Over 80% support legislating Mandatory Reporting Requirement
HONG KONG SAR 27 April 2023 – It is the responsibility of the society to protect children from harm and violence, regardless of the setting. This includes taking action to prevent abuse and mistreatment in the home, as well as outside of the home and in institutional settings. Save the Children Hong Kong commissioned Centre for Communication and Public Opinion Survey, the Chinese University of Hong Kong to conduct public opinion polling on physical and humiliating punishment and Mandatory Reporting Requirement for suspected child abuse cases, gathering responses from 1,008 adults in Hong Kong.
Majority Reluctant to Intervene in Corporal Punishment on Children
In the polling, only 23% of respondents acted upon witnessing other adults beating, slapping or verbally humiliating their children on the street. There are several reasons why individuals may choose not to act, including a reluctance to intervene in other families’ personal matters (54.5%), a belief that the incident is not severe enough to warrant intervention (30.7%), and uncertainty about whether the situation constitutes child abuse (30.4%). This potentially delays the identification of child abuse cases, which could lead to serious violence and harm to child victims.
Misconception of Corporal Punishment as a Private Family Matter
One-third of respondents (31.1%) agreed that disciplining children is an internal matter of the family, and outsiders should not interfere. Among those who did not intervene when witnessing parents or caregivers exercising corporal punishment, more than half of them (54.5%) saw it as a private family matter. Save the Children Hong Kong believes this reflects a traditional and cultural norm contributing to corporal punishment.
Ms. Winnie Ng, Spokesperson of Save the Children Hong Kong, expresses that, “Corporal punishment is not a private family matter, as it violates children’s rights and can have long-lasting negative effects on their well-being. It is the society’s responsibility to ensure that all children are protected from harm. Positive parenting needs to be reinforced through public education to fulfil this responsibility. We also encourage bystanders to step up and protect children from violence they witness.” She emphasises the need to strengthen support for positive parenting and prioritise the best interests of the child.
Ms. Sylvia Chung, Chairperson of Division of Counselling Psychology of Hong Kong Psychology Society, also concerns about the report’s finding, ” Corporal punishment causes a collective trauma that can have a devastating impact on children and parents. Corporal punishment can cause trauma to children physically and psychologically, which distorts the nature of children’s need to be nurtured and loved. Preventing children from addressing their unmet emotional needs may cause them to question the potential for building relationships in a non-violent manner. This, in turn, can have negative effects on their interactions with others and their self-image, and even impact the way they treat their own children in the future.”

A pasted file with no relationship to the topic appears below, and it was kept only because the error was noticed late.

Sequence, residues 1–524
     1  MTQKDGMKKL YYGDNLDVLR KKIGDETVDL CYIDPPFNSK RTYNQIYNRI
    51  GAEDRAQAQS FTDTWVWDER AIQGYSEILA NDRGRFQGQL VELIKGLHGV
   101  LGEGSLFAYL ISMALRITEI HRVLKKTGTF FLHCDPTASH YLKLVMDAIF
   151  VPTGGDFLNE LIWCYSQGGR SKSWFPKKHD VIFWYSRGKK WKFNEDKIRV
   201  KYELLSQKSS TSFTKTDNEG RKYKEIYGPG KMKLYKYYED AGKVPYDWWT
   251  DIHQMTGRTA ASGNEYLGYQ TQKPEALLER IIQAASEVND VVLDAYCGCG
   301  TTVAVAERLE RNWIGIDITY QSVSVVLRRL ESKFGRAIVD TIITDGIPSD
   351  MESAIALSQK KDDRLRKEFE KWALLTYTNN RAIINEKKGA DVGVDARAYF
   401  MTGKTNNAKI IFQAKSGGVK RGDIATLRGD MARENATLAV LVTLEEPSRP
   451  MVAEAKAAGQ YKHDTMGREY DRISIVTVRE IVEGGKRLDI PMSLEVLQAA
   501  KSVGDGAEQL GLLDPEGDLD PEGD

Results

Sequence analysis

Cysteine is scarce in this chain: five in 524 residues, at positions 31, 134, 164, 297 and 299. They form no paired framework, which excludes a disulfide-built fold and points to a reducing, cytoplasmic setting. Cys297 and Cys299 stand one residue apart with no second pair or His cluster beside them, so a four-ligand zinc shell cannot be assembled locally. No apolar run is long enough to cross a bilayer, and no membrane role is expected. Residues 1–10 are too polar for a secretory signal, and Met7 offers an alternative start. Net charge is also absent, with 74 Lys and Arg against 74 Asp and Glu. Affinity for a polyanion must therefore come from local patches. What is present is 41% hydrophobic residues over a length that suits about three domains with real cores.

Polling Shows Strong Public Support for Legislating Mandatory Reporting Requirement
83.2% of respondents support the government legislating a mandatory reporting mechanism to ensure professionals who have regular contact with children report suspected child abuse and neglect cases. This level of public support creates a favourable environment for the government to move forward with the legislative process. Legislators should consider stakeholders’ opinions, including children’s suggestions, and initiate the legislative process as soon as possible.
Ms. Winnie Ng, highlights that the poll findings support an urgency to legislate Mandatory Reporting. The mandatory reporting requirement is a significant step to strengthen child protection. Save the Children Hong Kong also recommends the government to mandate Child Safeguarding policies for organisations that frequently interact with children. This would support mandated reporters and streamline cooperation with local authorities during investigations.
Building the Path Towards a Ban on Corporal Punishment of Children in All Settings
The study also shows 64.2% of respondents support legislation to prohibit any form of corporal punishment towards children in all settings, including at home. However, the current legislation in Hong Kong only prohibits corporal punishment in certain public settings, such as schools and organisations.
Across the world, 65 countries have already legally prohibited physical punishment of children in all settings, including Sweden, Germany, Spain, Japan, and South Korea. To create a culture that prioritises the best interests of the child, the government, child-facing institutions, and parents must continue the conversation on developing a supportive environment, and build a path towards a ban on corporal punishment of children in all settings.
For detailed survey results, please click here.